Ghosts in the Machine. Folklore and Technology On-screen in Ghostwatch (1992) and Host (2020)

RODGERS, Diane (2023). Ghosts in the Machine. Folklore and Technology On-screen in Ghostwatch (1992) and Host (2020). In: EDGAR, Robert and JOHNSON, Wayne, (eds.) The Routledge Companion to Folk Horror. Routledge.

[img] PDF
Rodgers-GhostsInThe(AM).pdf - Accepted Version
Restricted to Repository staff only until 9 April 2025.
All rights reserved.

Download (277kB)
Official URL:


Folklore is an integral element of Folk Horror; film and television with supernatural themes often present the performance of folklore (mass-mediated ostension) in order to create a plausible context within which to spook audiences. On Halloween in 1992, the BBC broadcast Ghostwatch, which, presented in the guise of live television, became one of the most complained-about television programmes of all time. The broadcast played with the medium of television itself in order to test the credulity of audiences, featuring a number of techniques blurring boundaries between fact and fiction. The 2020 British horror film Host dealt with this idea head-on, in which a group of young people meet in a Zoom chat during lockdown to hold a séance online. Although framed around a traditional ghost narrative, the background presence of COVID-19, lockdown isolation, and the now-familiar format of Zoom itself are what bring additional unsettling eeriness to Host. This chapter proposes to examine Ghostwatch and Host in terms of their place in a lineage of Folk Horror film and television playing on the format of technology itself.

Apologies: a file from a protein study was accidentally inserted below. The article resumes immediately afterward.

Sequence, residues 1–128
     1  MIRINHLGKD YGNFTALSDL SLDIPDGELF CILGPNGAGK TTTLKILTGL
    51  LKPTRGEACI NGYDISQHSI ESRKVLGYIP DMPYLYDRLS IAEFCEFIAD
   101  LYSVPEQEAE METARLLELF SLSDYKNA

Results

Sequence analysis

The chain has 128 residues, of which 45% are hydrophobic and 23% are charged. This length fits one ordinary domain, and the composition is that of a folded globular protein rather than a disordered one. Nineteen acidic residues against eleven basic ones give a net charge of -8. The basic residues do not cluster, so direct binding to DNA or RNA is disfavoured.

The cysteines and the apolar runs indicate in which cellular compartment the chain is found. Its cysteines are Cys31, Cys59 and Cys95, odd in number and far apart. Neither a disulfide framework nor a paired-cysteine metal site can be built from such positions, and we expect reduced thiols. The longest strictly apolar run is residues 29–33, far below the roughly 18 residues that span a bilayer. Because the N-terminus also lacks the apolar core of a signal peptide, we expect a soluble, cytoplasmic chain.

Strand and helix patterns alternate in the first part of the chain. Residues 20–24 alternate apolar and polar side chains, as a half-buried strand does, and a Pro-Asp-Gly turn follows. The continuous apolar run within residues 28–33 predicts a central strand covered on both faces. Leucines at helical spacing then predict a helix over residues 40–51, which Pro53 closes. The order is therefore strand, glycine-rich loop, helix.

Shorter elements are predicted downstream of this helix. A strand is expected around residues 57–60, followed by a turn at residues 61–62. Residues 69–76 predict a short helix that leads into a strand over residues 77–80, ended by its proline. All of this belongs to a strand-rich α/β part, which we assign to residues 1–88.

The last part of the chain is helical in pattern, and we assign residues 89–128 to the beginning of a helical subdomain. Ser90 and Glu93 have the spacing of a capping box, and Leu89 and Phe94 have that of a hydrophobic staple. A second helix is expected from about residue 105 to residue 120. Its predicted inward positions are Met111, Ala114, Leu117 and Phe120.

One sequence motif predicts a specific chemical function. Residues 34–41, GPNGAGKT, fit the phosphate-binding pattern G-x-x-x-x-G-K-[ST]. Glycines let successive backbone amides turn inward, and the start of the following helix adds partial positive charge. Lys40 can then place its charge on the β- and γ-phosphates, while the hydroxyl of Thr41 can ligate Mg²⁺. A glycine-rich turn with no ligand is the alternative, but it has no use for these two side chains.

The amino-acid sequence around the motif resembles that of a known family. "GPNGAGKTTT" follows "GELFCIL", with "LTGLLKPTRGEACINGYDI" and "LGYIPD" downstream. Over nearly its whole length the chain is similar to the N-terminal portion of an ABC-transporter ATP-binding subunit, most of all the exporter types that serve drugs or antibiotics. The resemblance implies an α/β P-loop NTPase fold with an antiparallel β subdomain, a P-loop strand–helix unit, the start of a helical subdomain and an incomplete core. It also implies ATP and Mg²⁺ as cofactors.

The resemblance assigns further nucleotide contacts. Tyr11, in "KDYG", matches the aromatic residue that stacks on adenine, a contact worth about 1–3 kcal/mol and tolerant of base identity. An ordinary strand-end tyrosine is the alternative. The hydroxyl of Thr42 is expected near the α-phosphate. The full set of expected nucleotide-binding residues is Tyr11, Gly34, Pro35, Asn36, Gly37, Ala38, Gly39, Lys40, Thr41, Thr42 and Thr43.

Item Type: Book Section
SWORD Depositor: Symplectic Elements
Depositing User: Symplectic Elements
Date Deposited: 16 Dec 2021 10:14
Last Modified: 14 Nov 2023 15:30

Actions (login required)

View Item View Item


Downloads per month over past year

View more statistics